Smith College, Northampton, USA
i. state street
Most people don’t keep yeast packets in the ashtray of their Honda Odyssey, but on the day my dad came to bring me home there they were, wedged between his Swiss Army Knife and a pile of parking meter quarters. He had called me when he was a few minutes away to tell me that he had to stop at the store first to see if they had any yeast left.
“Are you making bread when we get home?” I asked. It seemed like the strangest thing to do at the moment, but within a few days it would seem that everyone I knew was baking bread. My dad explained that we were flat out of yeast and it was apparently nowhere to be found in the entire city of Philadelphia. So while he had come up north to take me home, his equally important mission was to secure some yeast. He grumbled at the amateur bread bakers-to-be who had pillaged BJs and Trader Joe’s of their yeast supply ahead of the impending apocalypse. But fortunately there was a bountiful yeast supply at State Street Fruit Store, thanks to the year-round population of professional bread-baking lesbians inhabiting Northampton.
When my dad picked me up, I stared at the yeast as we drove out of the parking lot and past State Street. The little packet had the same color scheme and bold font as a 5-Hour Energy bottle. I would have mistaken it for medicine or chemicals if I didn’t know better. The packet screamed “FLEISCHMANN’S RAPID RISE INSTANT YEAST – FAST ACTING.” It made me uneasy. I don’t know where I thought yeast came from before that day. I think I always pictured it in an old jelly jar on a grandmother’s pantry shelf. I turned one of the packets over in my hand, trying to feel the contents through the glossy exterior. My hands were shaking, so I put it down and closed my eyes.
ii. hungry ghost
On the edge of town we stopped at a gas station and my dad tried to coax me to eat something for the first time in days. He presented me with juice, cheese, chips, pretzels, until finally he pulled out a massive paper bag from Hungry Ghost, our favorite bakery in town. I could smell the fresh bread before he opened it, and all of a sudden I was hungry again.
He launched into his customary presentation of the bag’s contents. He took pride in listing off food items, whether he had bought them or made them, whenever our family was together.
“You’ll see in there I bought some muffins, they’re cranberry and pecan, and there’s a danish too. There’s a loaf of rye, and another one, I’m not sure what that is, it might be a—” I took the bag out of his hands and unfurled the top. I tore into the first loaf I found at the top of the bag. I heard the clunk of my dad slicing a block of grocery store cheddar with his Swiss Army Knife on the center console. As fast as I could eat the bread, he was supplying me with slices of cheese to eat with it. I tore off chunks of bread with an urgency that left me covered with crumbs for the rest of the drive.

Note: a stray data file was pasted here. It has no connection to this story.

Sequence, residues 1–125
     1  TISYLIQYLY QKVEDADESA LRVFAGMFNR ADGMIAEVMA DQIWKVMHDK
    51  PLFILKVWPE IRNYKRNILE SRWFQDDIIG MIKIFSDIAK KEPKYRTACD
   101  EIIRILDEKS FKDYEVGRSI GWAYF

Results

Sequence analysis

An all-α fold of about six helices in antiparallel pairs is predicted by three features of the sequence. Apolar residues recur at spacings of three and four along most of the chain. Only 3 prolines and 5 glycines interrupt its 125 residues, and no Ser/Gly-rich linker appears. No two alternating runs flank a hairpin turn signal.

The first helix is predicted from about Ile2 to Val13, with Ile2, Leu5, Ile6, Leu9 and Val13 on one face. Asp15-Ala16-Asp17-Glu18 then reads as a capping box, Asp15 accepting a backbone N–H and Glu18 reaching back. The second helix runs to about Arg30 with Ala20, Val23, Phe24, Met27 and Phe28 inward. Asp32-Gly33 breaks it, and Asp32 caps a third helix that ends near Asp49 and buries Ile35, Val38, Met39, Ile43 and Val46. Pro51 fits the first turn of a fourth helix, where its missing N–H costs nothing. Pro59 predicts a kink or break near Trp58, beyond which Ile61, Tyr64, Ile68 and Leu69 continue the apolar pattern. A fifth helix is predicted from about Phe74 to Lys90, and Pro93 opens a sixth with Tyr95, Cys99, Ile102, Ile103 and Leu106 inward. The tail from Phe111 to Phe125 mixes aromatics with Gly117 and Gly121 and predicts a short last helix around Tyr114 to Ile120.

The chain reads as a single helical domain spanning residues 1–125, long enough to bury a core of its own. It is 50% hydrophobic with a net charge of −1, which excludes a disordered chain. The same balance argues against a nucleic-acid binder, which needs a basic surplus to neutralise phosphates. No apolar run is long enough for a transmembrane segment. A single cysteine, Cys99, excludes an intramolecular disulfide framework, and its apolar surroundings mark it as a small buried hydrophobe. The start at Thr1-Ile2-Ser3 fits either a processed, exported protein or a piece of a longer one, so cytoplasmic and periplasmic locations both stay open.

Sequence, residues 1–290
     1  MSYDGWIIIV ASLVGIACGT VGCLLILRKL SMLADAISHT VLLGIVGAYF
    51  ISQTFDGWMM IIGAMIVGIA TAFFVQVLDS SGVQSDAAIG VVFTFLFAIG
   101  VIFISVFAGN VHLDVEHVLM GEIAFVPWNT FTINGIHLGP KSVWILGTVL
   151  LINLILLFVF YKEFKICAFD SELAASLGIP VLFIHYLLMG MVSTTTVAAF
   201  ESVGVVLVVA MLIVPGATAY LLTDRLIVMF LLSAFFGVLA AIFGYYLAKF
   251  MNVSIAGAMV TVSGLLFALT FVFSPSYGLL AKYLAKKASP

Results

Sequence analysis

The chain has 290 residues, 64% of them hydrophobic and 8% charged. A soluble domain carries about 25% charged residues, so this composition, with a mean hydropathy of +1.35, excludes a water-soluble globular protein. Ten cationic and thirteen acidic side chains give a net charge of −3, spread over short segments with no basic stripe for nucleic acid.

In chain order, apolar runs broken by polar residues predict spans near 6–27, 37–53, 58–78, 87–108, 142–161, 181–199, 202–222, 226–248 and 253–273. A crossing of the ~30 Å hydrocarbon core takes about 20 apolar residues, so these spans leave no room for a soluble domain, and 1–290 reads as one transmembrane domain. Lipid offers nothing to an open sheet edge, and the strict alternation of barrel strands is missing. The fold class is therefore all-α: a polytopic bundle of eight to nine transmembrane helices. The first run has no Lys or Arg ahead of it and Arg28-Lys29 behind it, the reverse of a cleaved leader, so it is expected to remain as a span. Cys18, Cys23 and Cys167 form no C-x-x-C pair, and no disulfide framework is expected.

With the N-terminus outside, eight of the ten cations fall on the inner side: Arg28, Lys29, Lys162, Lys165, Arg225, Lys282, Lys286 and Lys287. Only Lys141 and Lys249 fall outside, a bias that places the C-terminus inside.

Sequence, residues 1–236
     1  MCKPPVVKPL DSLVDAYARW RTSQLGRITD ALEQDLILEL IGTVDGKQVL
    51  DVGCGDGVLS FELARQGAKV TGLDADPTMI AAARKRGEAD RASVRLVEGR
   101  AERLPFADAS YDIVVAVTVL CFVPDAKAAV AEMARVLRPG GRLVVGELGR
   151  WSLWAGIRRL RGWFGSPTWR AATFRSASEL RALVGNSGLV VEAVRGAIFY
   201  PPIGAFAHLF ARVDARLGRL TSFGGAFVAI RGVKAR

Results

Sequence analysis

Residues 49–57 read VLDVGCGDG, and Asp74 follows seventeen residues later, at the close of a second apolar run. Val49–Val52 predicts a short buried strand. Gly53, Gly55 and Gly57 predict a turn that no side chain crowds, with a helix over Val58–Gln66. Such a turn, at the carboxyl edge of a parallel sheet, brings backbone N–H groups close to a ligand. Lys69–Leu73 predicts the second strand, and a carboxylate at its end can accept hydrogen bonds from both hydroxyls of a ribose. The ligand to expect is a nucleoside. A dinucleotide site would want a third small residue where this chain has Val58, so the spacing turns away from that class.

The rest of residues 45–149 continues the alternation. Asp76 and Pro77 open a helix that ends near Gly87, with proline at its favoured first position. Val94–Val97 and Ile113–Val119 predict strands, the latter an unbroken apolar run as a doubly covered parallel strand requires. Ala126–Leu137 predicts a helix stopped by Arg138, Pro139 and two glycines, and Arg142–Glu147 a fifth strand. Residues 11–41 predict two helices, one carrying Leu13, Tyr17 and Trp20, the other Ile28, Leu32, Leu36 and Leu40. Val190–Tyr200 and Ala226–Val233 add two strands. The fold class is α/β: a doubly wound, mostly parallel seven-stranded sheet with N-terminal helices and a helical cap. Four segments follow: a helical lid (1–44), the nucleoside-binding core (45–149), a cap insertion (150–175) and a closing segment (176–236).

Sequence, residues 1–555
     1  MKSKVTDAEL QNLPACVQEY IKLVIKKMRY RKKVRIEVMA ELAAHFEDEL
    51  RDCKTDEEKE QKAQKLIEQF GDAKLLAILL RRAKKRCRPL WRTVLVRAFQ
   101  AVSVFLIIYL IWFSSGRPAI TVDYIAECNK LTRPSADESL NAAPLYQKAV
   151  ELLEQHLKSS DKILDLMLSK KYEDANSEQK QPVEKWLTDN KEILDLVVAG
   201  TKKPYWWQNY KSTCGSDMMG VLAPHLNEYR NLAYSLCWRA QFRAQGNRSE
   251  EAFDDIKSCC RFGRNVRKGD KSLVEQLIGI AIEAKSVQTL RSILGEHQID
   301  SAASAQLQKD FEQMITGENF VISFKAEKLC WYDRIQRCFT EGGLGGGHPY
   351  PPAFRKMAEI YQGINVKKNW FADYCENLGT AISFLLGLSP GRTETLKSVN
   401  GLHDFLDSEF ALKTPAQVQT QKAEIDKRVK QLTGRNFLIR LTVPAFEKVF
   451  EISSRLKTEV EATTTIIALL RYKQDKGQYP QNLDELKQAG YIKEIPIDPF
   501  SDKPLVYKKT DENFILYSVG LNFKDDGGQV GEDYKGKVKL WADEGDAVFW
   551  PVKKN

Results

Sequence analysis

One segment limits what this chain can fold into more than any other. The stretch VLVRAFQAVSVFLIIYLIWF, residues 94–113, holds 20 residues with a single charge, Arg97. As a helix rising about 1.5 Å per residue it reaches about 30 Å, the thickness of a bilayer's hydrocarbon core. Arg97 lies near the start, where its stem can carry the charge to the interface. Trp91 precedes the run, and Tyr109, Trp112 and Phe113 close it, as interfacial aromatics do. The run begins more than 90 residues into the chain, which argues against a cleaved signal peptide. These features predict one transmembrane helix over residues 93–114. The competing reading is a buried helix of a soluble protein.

As I ate, I remembered a book I had read as a child, in which a girl uses what little money she has to buy bread for a starving woman and child on the street. As a child I imagined the famished woman eating a loaf of Wonder Bread, bleached and spongey and flavorless. I didn’t understand why the people in the story treated the bread like a decadent cake. But sitting in my dad’s Honda in the gas station parking lot, I understood that good bread, especially shared with someone you love, was nothing short of life-affirming.
When we got home, my dad stashed his yeast packets away. We had little need for home-baked bread. Like my dad and his yeast, I squirreled away the bread he had brought back from Hungry Ghost. I ate slices of bread with cheese or jam or butter or just plain and toasted. I worried it would go stale, yet each day I made my slices thinner and thinner so it would last. There wasn’t much use in trying to slow myself down though. I ate that fleeting tie to my life before like it was air.
In my family, no one really reached the bread-baking stage of quarantine, despite my dad’s abundance of yeast. Spirits were so low in our house that even bread dough wouldn’t have been able to rise. My dad made frequent trips to Sarcone’s, our local bakery, just to have something to do. He knew without asking to buy me the little fist-sized dinner rolls and the pepperoni bread that I had loved since I could chew. I sat out on our deck with him, me with my bread and a podcast, and him with his bread and an adventure novel. I don’t know if my dad understands the way my stomach turns when I’m anxious, but he knows my favorite bread, and most of the time that’s enough.